Chapter 13 bankruptcy is sometimes known as “wage-earner’s” bankruptcy. Your debt cannot exceed a certain amount, and you will create a 3-5 year payment plan. If your payment plan is successful, the remainder of your debts will be forgiven. An important note, these bankruptcy reports will stay on your record either 7 (chapter 13) or 10 years (chapter 7). Which makes purchasing a new line of credit or finding a new job much more difficult. 

Although Chapter 7 and Chapter 13 are the most popular forms of bankruptcy, there are a few other forms that aid individuals and businesses in more specific cases. Chapter 9 applies to cities and towns to protect them from creditors as they develop a plan to repay their debts. Chapter 11, also known as “reorganization bankruptcy”, allows businesses to continue serving customers while figuring out a payment plan. Chapter 12 is a lot different than the others. It is specifically applicable to family farmers and fishermen who make no more than $4.07 million for farmers or $1.87 million for fishermen. These filers will have a payment plan that must be completed within five years (with seasonal consideration). Finally, for those with debts and assets in both the United States and another country or countries, there is Chapter 15 bankruptcy. The U.S. court will handle the case regarding the assets and debts in the United States only.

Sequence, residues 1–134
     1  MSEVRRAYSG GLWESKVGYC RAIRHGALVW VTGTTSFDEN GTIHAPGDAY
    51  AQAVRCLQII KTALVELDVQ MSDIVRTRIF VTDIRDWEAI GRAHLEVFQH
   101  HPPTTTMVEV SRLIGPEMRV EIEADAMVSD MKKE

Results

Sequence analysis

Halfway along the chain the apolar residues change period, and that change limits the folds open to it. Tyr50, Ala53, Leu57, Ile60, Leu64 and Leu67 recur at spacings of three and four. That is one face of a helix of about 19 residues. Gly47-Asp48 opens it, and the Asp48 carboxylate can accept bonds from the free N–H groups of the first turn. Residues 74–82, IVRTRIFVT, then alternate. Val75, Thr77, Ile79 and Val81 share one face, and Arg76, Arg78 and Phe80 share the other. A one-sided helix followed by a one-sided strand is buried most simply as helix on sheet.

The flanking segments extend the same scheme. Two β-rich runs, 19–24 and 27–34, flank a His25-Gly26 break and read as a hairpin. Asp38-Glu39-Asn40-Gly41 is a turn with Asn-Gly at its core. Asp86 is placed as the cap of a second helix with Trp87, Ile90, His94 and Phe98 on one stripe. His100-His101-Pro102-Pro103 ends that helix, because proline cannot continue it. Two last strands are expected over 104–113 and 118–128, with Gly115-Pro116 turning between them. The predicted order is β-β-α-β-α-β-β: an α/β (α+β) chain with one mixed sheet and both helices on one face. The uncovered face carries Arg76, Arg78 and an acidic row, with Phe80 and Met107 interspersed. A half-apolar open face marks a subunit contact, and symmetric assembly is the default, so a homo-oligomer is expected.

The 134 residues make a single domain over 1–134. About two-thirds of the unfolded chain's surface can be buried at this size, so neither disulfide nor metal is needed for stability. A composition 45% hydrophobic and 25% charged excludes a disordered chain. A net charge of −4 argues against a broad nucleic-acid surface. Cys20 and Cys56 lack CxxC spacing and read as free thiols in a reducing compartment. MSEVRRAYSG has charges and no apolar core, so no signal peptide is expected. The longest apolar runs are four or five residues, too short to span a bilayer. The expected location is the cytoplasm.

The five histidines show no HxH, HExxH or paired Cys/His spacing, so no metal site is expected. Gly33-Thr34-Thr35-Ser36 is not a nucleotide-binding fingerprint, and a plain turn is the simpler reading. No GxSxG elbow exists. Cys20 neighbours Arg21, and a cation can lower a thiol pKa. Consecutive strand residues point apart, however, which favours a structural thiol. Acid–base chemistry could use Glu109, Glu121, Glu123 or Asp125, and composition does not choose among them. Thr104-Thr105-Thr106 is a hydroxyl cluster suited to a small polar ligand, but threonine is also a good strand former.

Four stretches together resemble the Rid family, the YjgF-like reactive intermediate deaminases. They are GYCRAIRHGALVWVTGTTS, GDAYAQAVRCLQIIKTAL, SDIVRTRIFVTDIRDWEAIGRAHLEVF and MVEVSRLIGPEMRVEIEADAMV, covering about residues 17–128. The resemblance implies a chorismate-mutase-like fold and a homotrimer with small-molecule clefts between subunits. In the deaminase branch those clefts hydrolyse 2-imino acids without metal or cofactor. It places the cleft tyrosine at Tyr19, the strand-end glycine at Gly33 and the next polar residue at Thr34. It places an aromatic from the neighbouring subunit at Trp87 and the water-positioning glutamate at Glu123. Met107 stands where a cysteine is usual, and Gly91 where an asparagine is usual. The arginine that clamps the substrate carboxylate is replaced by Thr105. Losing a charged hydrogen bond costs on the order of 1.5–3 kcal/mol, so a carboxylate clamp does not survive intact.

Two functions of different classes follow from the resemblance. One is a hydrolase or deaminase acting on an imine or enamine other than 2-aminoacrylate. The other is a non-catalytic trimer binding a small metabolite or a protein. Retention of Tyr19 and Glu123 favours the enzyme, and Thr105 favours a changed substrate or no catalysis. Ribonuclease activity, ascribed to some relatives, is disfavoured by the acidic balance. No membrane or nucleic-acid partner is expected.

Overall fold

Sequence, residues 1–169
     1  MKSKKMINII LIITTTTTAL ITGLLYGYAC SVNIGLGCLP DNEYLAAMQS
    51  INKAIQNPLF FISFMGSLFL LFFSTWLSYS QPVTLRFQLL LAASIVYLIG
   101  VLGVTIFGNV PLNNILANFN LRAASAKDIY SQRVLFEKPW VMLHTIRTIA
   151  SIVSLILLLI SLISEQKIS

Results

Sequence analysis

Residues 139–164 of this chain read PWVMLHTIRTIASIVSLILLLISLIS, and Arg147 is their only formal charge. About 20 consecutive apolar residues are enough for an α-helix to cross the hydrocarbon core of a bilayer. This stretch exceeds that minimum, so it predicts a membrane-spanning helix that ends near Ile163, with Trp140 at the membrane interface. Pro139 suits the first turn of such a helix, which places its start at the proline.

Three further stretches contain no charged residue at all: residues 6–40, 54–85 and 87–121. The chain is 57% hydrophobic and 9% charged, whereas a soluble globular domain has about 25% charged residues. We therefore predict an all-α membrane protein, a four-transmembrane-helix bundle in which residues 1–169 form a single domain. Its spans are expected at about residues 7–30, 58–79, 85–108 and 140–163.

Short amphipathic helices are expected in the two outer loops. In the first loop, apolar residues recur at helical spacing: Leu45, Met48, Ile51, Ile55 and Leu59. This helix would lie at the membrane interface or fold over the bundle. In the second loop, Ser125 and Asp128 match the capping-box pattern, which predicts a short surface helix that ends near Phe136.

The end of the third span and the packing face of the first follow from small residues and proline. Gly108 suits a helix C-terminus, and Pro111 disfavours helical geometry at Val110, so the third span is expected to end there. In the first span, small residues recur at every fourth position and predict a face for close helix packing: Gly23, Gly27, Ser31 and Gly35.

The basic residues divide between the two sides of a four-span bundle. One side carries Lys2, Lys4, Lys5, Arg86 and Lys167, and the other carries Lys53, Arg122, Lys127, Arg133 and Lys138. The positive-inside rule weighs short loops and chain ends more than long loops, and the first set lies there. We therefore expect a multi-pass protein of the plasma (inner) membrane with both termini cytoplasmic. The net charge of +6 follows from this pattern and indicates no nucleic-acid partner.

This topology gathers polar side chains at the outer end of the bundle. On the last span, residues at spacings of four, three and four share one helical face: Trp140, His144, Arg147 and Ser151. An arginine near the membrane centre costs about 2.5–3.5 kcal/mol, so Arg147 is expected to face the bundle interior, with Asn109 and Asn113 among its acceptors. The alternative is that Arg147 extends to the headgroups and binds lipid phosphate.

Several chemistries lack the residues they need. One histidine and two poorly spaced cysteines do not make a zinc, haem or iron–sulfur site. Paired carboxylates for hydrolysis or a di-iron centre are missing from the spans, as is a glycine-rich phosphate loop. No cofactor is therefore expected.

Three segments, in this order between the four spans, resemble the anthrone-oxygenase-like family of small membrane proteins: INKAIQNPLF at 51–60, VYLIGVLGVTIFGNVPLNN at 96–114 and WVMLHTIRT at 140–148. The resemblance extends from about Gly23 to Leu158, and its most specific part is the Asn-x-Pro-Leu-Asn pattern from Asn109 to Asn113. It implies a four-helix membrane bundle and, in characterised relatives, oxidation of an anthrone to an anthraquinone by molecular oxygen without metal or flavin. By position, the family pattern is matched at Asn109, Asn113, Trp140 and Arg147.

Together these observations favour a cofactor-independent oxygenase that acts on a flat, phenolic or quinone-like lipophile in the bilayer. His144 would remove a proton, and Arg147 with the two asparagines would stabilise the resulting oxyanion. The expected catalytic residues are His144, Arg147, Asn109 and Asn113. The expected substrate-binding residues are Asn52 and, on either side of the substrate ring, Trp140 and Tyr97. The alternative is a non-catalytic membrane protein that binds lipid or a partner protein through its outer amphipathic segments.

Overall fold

Bankruptcy does not discharge the following types of debt: federal student loans, taxes, alimony and child support, debt acquired after filing for bankruptcy, and some debt if acquired 6 months prior to filing. It also does not eliminate debt from fraudulent loans or personal injury from driving while intoxicated. It also does not release a co-signer from his or her responsibility to pay your loan in full or in part, if you fail to do so. 

DISCLAIMER: The above blog post is just advice, and you will be better served to call David S. Clark with your bankruptcy questions. This blog contains helpful tips and advice, but is not professional legal advice, and shouldn’t treated as such.